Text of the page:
Anyway, thanks, and I'm going to keep these at hand. I'm reading philosophical text right now, and I have to say, Kachel is about as clear as Plotinus, but it's getting better on both sides of the equation.

    L

  4. #13
    markbarendt's Avatar
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    Wow DF, great stuff. I need to do some testing!

    Pardon me if this is simply restating the obvious here or correct me if I haven't got the concept.

    Using this method I should be able to (within certain limits);

    1 - Place my exposure based on what is best for my subject on any given film.

    2 - Decide how much shadow detail I want in relation to my subject and adjust this with development time.

    3 - Decide how much highlight detail I want in relation to my subject and adjust this with agitation.

    So, for a back-lit afternoon portrait I could;

    1 - set the camera by using an incident reading "under their nose" to place the main subject on the film exactly where it needs to be to print nicely,

    2 - then extend or reduce development time a bit to control the details in the bushes behind them, and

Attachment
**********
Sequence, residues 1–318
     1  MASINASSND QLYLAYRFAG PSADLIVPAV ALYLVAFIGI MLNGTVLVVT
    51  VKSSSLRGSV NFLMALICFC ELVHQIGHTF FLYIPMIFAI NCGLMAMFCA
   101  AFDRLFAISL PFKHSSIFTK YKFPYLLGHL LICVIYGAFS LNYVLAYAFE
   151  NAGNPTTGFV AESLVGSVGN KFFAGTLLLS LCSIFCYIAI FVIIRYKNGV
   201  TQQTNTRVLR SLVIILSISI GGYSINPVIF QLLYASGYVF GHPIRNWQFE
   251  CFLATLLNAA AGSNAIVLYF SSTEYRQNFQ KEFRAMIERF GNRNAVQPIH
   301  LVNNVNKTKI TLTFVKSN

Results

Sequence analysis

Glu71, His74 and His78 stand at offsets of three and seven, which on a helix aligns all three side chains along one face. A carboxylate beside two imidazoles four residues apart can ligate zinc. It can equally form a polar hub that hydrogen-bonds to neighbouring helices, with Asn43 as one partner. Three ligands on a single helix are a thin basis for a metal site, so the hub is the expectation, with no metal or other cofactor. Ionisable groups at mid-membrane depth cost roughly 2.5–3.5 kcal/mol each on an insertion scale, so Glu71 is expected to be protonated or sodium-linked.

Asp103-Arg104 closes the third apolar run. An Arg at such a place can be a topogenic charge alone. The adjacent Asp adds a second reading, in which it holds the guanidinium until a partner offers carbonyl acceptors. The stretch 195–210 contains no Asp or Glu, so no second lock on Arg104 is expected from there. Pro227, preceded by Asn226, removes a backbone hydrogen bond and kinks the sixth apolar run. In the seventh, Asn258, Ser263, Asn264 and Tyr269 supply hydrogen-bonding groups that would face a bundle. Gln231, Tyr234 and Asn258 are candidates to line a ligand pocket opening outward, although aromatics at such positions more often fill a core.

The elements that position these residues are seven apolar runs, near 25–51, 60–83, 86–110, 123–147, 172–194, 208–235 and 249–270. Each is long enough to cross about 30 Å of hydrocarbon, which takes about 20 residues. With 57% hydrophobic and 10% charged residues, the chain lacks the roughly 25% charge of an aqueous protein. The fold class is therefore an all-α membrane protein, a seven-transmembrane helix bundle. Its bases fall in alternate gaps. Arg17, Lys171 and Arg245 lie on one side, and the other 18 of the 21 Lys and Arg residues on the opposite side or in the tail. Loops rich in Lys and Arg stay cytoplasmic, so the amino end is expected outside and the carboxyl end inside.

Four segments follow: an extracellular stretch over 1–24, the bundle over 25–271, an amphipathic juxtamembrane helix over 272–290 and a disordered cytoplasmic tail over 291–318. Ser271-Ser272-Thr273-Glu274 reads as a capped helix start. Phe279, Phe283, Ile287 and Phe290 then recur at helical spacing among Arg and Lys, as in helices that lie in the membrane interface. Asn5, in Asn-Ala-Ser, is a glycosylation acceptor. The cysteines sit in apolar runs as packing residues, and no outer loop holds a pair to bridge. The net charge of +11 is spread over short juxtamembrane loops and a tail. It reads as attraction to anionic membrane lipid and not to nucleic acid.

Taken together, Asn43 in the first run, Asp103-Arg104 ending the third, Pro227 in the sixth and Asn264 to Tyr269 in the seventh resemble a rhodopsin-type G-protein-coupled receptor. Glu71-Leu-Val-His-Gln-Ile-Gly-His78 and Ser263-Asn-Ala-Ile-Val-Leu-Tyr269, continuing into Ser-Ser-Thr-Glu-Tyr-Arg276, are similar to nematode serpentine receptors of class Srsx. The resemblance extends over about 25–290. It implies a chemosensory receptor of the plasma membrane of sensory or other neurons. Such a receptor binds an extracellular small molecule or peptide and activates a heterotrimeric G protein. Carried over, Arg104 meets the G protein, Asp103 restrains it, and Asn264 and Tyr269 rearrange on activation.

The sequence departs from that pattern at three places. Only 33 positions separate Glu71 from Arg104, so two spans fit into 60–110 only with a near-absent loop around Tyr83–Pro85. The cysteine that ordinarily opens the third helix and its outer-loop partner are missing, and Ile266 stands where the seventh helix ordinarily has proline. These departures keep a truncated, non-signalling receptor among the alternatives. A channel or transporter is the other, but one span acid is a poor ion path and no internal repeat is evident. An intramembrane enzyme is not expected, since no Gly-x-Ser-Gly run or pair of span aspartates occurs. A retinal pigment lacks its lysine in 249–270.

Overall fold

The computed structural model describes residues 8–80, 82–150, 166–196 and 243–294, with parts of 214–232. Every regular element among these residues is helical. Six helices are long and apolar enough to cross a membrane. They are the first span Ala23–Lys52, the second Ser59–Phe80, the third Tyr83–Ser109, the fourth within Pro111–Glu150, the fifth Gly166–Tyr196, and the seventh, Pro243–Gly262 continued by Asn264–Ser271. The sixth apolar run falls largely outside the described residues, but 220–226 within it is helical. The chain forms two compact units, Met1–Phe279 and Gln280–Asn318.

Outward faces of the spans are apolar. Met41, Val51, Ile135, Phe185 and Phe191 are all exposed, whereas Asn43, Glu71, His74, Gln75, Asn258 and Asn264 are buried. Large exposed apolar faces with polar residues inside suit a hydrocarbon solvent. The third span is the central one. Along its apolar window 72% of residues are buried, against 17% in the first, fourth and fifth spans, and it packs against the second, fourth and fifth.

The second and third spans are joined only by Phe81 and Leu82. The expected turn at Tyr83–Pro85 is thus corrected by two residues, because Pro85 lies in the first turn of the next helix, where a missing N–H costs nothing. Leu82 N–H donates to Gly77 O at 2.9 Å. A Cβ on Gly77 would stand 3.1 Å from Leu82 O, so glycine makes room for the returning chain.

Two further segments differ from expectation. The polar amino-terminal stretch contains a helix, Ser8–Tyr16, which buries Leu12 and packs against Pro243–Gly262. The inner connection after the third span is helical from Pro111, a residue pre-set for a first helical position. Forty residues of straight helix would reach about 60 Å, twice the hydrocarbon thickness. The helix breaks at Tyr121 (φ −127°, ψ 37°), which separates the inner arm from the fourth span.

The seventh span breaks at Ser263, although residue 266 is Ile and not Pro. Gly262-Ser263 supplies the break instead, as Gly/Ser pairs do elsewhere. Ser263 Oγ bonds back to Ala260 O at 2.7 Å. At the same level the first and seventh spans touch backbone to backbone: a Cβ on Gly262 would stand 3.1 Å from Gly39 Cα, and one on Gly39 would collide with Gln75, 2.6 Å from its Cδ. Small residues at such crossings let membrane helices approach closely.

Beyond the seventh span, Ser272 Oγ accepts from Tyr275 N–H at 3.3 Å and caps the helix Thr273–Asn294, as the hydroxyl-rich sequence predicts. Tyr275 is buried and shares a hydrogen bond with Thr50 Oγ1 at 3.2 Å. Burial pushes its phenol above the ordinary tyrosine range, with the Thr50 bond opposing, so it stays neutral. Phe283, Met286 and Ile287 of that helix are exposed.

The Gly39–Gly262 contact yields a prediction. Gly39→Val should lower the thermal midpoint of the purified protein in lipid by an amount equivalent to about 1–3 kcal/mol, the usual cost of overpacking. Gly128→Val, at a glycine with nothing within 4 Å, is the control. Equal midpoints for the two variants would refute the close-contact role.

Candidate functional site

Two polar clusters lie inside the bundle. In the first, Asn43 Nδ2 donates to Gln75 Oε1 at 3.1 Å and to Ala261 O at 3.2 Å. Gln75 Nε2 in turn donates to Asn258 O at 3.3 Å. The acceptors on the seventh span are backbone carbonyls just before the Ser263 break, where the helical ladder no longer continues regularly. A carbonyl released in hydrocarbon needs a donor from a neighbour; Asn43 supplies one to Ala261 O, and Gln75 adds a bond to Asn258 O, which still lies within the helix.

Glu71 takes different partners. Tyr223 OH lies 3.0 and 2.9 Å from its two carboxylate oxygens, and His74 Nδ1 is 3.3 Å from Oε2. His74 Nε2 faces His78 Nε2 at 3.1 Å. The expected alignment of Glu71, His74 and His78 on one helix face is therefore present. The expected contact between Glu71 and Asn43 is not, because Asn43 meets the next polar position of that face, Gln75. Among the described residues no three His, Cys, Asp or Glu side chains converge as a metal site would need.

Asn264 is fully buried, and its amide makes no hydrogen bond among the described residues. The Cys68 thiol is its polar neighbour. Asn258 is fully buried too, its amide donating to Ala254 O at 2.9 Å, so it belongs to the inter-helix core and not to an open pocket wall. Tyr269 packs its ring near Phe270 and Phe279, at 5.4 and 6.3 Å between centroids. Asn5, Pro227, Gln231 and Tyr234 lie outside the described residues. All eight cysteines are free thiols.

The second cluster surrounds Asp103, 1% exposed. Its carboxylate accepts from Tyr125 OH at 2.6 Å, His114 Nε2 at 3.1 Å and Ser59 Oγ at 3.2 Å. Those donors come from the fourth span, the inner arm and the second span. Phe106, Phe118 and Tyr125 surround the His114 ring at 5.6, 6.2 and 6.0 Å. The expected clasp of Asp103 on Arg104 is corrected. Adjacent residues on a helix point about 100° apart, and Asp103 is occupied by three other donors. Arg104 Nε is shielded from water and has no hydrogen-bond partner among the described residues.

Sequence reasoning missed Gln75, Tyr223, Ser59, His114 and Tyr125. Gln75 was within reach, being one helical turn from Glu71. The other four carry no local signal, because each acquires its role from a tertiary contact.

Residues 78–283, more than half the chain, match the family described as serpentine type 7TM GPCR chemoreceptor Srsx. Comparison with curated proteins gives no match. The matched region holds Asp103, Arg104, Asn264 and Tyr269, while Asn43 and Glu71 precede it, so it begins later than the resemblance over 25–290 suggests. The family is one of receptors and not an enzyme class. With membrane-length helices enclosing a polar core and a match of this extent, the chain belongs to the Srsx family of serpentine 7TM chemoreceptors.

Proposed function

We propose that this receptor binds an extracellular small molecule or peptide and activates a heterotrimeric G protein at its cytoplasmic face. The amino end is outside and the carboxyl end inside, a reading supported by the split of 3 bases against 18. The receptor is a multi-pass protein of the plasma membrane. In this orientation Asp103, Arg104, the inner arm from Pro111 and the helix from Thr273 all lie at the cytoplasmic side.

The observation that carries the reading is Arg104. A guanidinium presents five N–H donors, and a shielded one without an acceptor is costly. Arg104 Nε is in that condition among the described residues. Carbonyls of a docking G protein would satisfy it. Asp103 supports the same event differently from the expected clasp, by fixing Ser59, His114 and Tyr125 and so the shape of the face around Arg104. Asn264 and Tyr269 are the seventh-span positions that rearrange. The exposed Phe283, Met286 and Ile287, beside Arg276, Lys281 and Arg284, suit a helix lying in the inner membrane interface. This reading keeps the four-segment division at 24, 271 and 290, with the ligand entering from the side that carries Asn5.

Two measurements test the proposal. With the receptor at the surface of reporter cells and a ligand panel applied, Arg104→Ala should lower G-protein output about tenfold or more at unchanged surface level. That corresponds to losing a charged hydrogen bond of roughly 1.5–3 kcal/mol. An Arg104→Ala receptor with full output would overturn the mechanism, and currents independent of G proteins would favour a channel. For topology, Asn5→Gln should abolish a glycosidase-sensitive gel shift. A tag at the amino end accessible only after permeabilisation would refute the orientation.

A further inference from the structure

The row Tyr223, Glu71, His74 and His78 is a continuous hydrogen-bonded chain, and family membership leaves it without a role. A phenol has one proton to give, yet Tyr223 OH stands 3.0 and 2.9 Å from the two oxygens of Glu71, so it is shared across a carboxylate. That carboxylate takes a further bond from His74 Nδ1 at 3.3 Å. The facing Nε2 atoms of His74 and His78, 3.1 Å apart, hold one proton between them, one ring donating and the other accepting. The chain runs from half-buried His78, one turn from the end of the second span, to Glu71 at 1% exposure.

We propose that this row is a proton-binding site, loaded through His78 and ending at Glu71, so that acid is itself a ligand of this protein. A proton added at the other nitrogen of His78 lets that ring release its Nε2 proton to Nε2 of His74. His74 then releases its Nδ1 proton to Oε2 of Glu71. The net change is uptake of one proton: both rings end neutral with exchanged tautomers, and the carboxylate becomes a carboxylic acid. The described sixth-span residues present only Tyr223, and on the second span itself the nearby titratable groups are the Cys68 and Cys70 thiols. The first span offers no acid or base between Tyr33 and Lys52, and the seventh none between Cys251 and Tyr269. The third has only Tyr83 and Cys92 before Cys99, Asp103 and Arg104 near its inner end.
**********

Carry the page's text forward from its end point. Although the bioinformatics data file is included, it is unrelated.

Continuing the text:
3 - enhance or reduce my agitation to control the details in the sky.
    Mark Barendt, Ignacio, CO

    "We do not see things the way they are. We see things the way we are." Anaïs Nin

  5. #14
    df cardwell's Avatar
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    That's pretty much how it works, Mark.

    There ARE limits. The film, for one thing. TMY & TX are great for this. TXP, not so good.
    Neopan 400, not good, for different reasons. FP4, great.

    It will probably be sufficient to make 3 all purpose negatives. My 'Sangre de Christo' negative would have normal contrast from IV to VI,
    and would run out from there. You've got the idea perfectly, as well as live in a place where it would be handy.

    Sit down with a pencil and paper and draw the 'ideal' curve for your afternoon portrait. You might very well be able to make it.
    Using LPD or 130 instead of Dektol gives your paper greater range to hold these tones, and split filtering will be easy if you need to hold a longer scale.